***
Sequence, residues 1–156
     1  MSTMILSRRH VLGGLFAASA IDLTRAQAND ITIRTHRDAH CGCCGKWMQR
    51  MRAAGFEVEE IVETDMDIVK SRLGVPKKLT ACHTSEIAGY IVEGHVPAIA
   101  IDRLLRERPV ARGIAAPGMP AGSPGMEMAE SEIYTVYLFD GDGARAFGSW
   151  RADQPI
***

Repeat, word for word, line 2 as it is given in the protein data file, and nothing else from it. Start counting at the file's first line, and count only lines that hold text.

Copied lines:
     1  MSTMILSRRH VLGGLFAASA IDLTRAQAND ITIRTHRDAH CGCCGKWMQR